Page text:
The deployment of wireless enhanced 9-1-1 (E9-1-1) Phase I service, where the caller’s telephone number and the address of the cell site are provided to the PSAP, is complete. The deployment of wireless E9-1-1 Phase II, which provides the PSAP with the caller’s actual location by longitude and latitude, is also complete. All localities within the Commonwealth currently provide wireline E9-1-1 service.
• (ii) The impact of, or need for, legislation affecting enhanced wireless emergency telecommunications services in the Commonwealth
The Board is preparing draft legislative changes for the 2017 General Assembly session. These legislative changes were recommended by the Board’s Finance Committee and are based on recommendations included in the NG9-1-1 Feasibility Study. The following is a summary of the proposed draft legislation:
• Delay the recalculation of the PSAP wireless funding distribution percentages until July 1, 2018. This will enable the Board to finalize a long-term 9-1-1 funding analysis that includes transitional costs for NG9-1-1. The anticipated timeframe for completing this analysis is January 2017. This analysis is a critical prerequisite for developing additional draft legislation for the 2018 General Assembly session that focuses on funding for the deployment and sustainment of a NG9-1-1 system.
• (iii) The need for changes in the E-911 funding mechanism provided to the Board, as appropriate
At the end of FY2016, the Wireless E-911 Fund (the “Fund”) remains fiscally sound. Moving forward, however, an existing appropriation and transfer from the Fund to other agencies and programs will challenge the Board’s ability to meet financial obligations, to both the wireless carriers and the PSAPs, and maintain the viability of the Fund. The current biennial budget includes a $3.7 million appropriation to the Virginia State Police (VSP) for wireless 9-1-1 call taking. All localities in the Commonwealth are currently accepting wireless calls and no longer rely on the VSP to transfer wireless 9-1-1 calls to them. Included in the current biennium budget is an $8 million transfer from the Fund to the Compensation Board’s budget to support sheriff’s dispatchers.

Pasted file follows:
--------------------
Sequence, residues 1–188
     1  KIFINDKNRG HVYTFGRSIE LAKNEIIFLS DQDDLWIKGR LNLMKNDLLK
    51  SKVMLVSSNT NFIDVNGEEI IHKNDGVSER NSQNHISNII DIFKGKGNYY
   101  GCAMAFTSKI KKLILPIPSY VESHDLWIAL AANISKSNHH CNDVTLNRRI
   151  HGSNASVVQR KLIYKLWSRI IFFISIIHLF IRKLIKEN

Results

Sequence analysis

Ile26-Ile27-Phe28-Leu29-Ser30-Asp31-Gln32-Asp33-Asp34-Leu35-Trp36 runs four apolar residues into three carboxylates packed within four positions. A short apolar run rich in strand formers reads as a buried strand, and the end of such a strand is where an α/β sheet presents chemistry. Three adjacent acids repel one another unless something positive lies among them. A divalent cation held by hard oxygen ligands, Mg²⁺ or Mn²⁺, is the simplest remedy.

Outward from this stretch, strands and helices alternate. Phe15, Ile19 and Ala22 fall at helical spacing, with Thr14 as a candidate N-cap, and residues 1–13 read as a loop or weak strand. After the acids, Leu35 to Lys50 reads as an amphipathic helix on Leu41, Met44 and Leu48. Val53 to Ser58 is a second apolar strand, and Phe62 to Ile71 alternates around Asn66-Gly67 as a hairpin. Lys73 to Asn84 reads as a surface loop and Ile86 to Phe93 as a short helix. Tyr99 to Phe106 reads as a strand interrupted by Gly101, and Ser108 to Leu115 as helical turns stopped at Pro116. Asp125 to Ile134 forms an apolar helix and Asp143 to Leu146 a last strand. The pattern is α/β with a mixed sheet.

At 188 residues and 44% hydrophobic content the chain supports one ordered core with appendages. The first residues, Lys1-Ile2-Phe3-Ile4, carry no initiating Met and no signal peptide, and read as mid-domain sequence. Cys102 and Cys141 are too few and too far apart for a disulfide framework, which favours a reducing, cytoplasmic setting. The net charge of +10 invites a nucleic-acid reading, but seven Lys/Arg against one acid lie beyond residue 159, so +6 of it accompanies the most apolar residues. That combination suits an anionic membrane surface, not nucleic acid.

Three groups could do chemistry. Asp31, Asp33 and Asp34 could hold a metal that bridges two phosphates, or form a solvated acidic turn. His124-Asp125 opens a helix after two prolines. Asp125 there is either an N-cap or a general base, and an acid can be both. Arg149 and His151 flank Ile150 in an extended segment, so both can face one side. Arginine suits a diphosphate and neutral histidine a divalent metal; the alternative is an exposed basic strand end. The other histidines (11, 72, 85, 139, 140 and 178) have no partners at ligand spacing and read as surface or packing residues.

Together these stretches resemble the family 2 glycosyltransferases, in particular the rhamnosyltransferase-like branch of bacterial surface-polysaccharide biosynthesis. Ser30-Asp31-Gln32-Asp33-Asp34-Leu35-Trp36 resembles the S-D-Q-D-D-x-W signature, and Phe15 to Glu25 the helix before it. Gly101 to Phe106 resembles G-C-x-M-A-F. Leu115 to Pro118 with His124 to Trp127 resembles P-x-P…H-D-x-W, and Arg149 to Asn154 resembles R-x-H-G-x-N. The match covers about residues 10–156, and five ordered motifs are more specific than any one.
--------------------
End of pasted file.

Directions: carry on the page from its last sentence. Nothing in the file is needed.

Continuing to provide funding to the VSP and the Compensation Board could jeopardize the Commonwealth’s ability to receive federal funding in the future. Federal law enacted in 2004 requires states that apply for federal 9-1-1 grant funding (or the PSAPs within the states) to certify that no 9-1-1 funding raised through state charges was diverted for any purpose other than the purposes for which such charges are designated or presented. The Federal Communications Commission (FCC) in its seventh annual report to Congress on state collection and distribution of 9-1-1 and enhanced 9-1-1 fees and charges, identified Virginia as a state that has diverted 9-1-1 funds.
VITA wrote to the FCC to argue that Virginia was not diverting but got no response or change to the report.
However, the impact of the $8 million transfer has already been felt by the PSAP community since there is less funding available to them for the replacement of outdated equipment and to expand services to the citizens of the Commonwealth. The $8 million transfer to the Compensation Board means that there is $8 million less funding available for future PSAP Grant Program grants for localities to purchase equipment that is NG9-1-1 ready and fund PSAP NG9-1-1 projects.
• (iv) Monitor developments in enhanced 9-1-1 service and multi-line telephone systems
This is a duty of the Board that was enacted on July 1, 2007. Most of the provisions of Article 8 (§ 56-484.19 et seq.) of Chapter 15 of Title 56 took effect on July 1, 2009 and information requested on these provisions is provided to interested parties.
The following sections of the report provide a more detailed analysis of the current state of E9-1-1 in the Commonwealth, as well as the Wireless E-911 Fund.